A Tipi, Iowa Prairie and a Whole Lot of Ants
Close your eyes, well not literally because I want you to keep reading but play along, and imagine you've been transported back 300 years to this land we now call Iowa.
Prairie grasses spread out as far as you can see and there are no paths worn into the ground beneath your feet. The Native Americans crossing over this territory blazed their own trails through grasses reaching to the sky, often taller than they.
At night you slept under the stars or, maybe, you were able to move under the cover of a what is known as a 15-pole tipi.
Now, imagine being able to relive that experience today. You can if you want because that's what you get a little taste of at the Walking Stick Adventures Farm just west of Williamsburg, Iowa.
I'd been looking forward to my weekend there for a very long time. I first learned about it a couple of years ago, pre-covid, and this was my first opportunity to experience it.
I was not disappointed.
The tipi is located on a four-acre plot, behind the farm house of the couple who own it. From the tipi, a line of trees blocks your view of their house so you don’t even know it’s there.
Marie, the wife, is a biologist and this is her passion project. In addition to renting the tipi out to guests she also leads outings for school field trips and other groups at the site.
The land was originally a corn field the couple plowed under and replanted with grasses native to this area. It takes time to bring those grasses back, years actually, and she said this is the first year it has fully matured.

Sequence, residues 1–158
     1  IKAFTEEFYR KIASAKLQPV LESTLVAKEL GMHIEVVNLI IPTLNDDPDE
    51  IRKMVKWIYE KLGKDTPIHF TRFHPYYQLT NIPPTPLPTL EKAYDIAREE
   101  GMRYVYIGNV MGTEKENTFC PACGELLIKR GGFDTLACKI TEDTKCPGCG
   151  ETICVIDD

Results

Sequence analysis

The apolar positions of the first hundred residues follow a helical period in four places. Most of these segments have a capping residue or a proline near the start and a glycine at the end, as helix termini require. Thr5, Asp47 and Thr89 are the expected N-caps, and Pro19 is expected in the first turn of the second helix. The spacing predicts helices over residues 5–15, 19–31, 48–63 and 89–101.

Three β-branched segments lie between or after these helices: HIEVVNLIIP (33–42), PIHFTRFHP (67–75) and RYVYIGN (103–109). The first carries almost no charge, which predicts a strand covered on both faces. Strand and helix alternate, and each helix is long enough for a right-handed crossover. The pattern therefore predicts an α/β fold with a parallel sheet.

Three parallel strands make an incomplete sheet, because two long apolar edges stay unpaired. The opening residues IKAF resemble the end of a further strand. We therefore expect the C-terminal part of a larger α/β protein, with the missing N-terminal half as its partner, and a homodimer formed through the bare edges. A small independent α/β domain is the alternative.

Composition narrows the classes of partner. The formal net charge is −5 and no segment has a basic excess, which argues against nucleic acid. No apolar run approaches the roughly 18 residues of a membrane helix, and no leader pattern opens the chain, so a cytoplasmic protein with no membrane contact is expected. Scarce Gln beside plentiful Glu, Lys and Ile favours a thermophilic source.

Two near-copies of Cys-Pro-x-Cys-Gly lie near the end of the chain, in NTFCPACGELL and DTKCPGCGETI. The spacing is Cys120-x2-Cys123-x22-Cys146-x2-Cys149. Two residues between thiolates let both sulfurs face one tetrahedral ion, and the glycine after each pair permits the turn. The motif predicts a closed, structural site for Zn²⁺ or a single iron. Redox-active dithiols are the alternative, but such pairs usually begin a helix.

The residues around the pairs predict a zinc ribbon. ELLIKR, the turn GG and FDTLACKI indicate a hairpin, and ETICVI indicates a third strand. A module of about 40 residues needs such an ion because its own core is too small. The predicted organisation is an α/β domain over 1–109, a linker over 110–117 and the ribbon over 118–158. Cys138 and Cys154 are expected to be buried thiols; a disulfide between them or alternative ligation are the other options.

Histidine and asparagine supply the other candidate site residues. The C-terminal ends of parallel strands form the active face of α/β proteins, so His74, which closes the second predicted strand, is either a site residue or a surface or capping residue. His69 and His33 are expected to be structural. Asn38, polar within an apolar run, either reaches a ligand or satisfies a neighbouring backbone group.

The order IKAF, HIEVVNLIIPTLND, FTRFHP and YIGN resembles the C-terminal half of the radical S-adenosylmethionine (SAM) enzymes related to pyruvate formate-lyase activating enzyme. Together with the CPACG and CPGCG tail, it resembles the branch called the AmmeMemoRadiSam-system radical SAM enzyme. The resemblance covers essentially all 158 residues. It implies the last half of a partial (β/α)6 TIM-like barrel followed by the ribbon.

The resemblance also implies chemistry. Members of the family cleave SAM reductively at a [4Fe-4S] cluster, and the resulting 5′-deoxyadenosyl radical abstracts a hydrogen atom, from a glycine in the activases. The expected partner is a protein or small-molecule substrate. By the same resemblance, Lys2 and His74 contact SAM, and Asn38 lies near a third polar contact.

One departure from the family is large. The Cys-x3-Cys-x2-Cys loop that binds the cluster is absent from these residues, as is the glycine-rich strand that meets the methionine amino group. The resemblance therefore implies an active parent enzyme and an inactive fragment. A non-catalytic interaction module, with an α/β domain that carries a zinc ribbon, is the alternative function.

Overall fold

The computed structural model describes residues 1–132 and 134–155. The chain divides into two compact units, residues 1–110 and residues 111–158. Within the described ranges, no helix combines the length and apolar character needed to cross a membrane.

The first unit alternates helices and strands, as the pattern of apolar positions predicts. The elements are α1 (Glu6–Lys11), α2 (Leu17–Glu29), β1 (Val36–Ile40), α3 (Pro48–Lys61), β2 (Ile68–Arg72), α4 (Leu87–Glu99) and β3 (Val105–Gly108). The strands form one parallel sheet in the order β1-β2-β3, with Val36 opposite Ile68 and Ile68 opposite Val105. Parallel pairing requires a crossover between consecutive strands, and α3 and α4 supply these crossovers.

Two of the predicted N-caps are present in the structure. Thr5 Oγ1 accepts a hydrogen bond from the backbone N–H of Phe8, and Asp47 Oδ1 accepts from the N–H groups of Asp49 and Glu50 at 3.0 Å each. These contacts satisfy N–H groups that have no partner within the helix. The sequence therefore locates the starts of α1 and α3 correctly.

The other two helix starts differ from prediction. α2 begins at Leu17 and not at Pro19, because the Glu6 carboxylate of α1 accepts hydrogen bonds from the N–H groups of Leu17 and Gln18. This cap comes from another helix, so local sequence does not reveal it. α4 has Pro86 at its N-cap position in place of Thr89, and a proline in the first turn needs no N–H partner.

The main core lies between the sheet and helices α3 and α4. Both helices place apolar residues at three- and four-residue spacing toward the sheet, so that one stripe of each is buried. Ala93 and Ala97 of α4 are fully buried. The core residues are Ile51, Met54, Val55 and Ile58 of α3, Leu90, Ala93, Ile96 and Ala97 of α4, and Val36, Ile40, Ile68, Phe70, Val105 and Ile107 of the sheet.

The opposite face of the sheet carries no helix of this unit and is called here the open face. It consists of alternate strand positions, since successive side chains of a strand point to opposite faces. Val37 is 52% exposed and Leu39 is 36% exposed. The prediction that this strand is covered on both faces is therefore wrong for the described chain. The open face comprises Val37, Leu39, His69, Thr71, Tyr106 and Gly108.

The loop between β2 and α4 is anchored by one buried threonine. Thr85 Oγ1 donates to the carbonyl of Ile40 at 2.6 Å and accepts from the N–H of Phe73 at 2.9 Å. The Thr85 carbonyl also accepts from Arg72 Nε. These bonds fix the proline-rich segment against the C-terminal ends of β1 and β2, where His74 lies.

There are trails around and through the property making it easy to explore. Don't worry, you won't be blazing trails like the Native Americans. These trails are well groomed, easy to follow and not all that long. If you can walk down a sidewalk, you’ll be able to walk these trails.
A gravel road runs along the property and windmills can be seen in the distance. But, when you walk the outer edge, turn your back to the road and use just a little imagination, it's easy to see what those Native Americans and early settlers to the region saw as they crossed the Midwest.
The land is a mixture of greens and brown grasses of varying heights with colorful wild flowers, monarch butterflies floating about and an occasional bee buzzing by. Any fan of our country's history, or just nature and the outdoors, will find themselves lost in the images of what Iowa once was.
Sleeping in the tipi is a true experience. It can easily sleep a half dozen people and wouldn’t take a lot of maneuvering to fit in a dozen or more.
There’s a fire pit in the center for cooler times of the year. It was nearly 90 degrees the days I was there so, for obvious reason, I did not lite it up. The smoke rises straight up and through the tipi’s top opening so no, you won’t be sitting in a haze of smoke while inside.